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Mainstream, VOL LIV No 49 New Delhi November 26, 2016

Punishing the Innocents to Let Off the Guilty

Monday 28 November 2016

by Chidambaram N.

The pronouncement of the highest judicial authority of our country has put the govern-ment in the dock for adding to the miseries of the general masses. The Supreme Court on the seventh day after a sudden ban on Rs 500 and Rs 1000 notes, that is, on November 15, 2016, said that the desperate rush of people to stand in queues at banks and ATMs for cash was conclusive proof that there was some collateral damage. The Apex Court in fact did not mince words when it told the Centre: “You call it surgical strike or carpet bombing. There is some collateral damage.”

Though the Court refused to stay the decision acting on a batch of petitions, it asked the Central Government to submit a report on steps taken to ease the crunch for citizens. Accepting the outcry from all quarters as genuine, the Court asserted: “The common man should not suffer,” suggesting that the government should raise the withdrawal limit. Chief Justice of India T. S. Thakur observed: “The general feeling is it is causing inconvenience to the common man.”

The Modi Government, in prioritising confi-dentiality with selective leak-outs of the so- called game-changing move, was landed by its supporters who described the step as a ‘surgical strike’ against black money. As days passed, even the supporters started questioning the efficacy of the move startled at the borrowed hardships for law-abiding citizens, who form the overwhelming majority. To say the least, Modi and his learned advisers took for granted the general masses and totally failed to comprehend the fallouts of going all-out to enable the black moneyed to whiten their ill-begotten wealth.

 The very fact that the ruling party (BJP) did not refute the charge that the West Bengal unit had deposited crores worth of Rs 500 and Rs 1000 currencies substantiates the official leak-outs. It is certain therefore that the ruling party, its remote-controller, the RSS, and other affiliated organisations must have been aware of the move and took care of their currencies well in advance. A Supreme Court-monitored probe by a special investigation team into the accounts of at least one hundred top corporate houses will expose the so-called confidentiality of the move as well as the real aim of printing the high-denomination currency of Rs 2000.

Besides, the inordinate delay in investigating and prosecuting the alleged illegal money-possessors, named by various national and international probe agencies, speaks volumes of the government’s real intentions. None other than the policy-insiders say they had reached a point where the battle against forged and hidden currency, which forms only a small percentage of the voluminous black money, appeared to be a losing one. Justifying the incoherent, incomprehensible and wrongly targeted culling of the currencies, Narendra Modi was forced to speak six times and his Finance Minister, Arun Jaitley, and his secretaries to hold eight formal briefings for the media, not to count the numerous informal ones. Had the government been sincere it would have initiated the process of prosecution of those engaged in generating black money and attachment of their assets as the maiden action after Modi took over the reins thirty months ago. Instead it chose to burden the honest and law-abiding masses as well as the poor daily wage-earners.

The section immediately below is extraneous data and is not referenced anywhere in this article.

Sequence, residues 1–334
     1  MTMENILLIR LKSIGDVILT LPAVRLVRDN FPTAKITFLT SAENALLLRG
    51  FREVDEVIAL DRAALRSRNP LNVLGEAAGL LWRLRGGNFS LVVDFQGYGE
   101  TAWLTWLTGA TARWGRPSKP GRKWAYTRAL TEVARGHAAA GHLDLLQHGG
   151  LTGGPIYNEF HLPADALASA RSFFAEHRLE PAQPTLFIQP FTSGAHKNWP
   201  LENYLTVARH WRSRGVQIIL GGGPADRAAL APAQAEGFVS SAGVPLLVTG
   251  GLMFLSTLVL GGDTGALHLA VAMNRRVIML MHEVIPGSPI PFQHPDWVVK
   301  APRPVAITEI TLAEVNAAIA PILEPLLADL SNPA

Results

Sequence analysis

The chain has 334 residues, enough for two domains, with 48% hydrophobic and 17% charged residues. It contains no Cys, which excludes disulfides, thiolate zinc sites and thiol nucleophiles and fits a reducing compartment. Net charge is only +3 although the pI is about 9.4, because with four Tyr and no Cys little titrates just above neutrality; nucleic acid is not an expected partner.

Even seven months after the revelation by the Panama Papers, the probe into the huge money stashed abroad and alleged tax violations by Indians named in the global exposé, nothing substantive has been done. The revelations point fingers at 415 Indians.

Five months after the Panama Papers, the biggest-ever leak of offshore entities registered by the Panama-headquartered law firm Mossack Fonseca, comes the Bahama Leaks, which reveals incorporation details of more than 175,000 companies, trusts and foundations registered in the Bahamas, the Caribbean tax haven. This new cache of documents, received by the German newspaper Süddeutsche Zeitung and shared with the International Consortium of Investigative Journalists and its media partners, relates to companies registered between 1990 and early 2016.

It lifts the veil of secrecy that the Bahamas offers to multinational corporations and also rich and powerful individuals by revealing the names of office-bearers, shareholders or beneficial owners of the offshore entities.

An investigation of the list has shown that the Bahama Leaks has 475 India-related files linked to corporate personalities across sectors such as mines and metals, electronics, real estate, media and entertainment.

Some of them have also figured in the Panama Papers’ global investigation, reported in April this year. They include Anil Agarwal of the Vedanta Group; Kabir Mulchandani of the erstwhile Baron Group who had made it big in the domestic consumer electronics sector with Akai, Aiwa and Hitachi tie-ups in the 1990s; Fashion TV India promoter Rajan Madhu; Aman Gupta, chairman and chief executive of premium Finnish water brand Veen Waters. These are the prominent personalities associated with companies in the Bahama Leaks.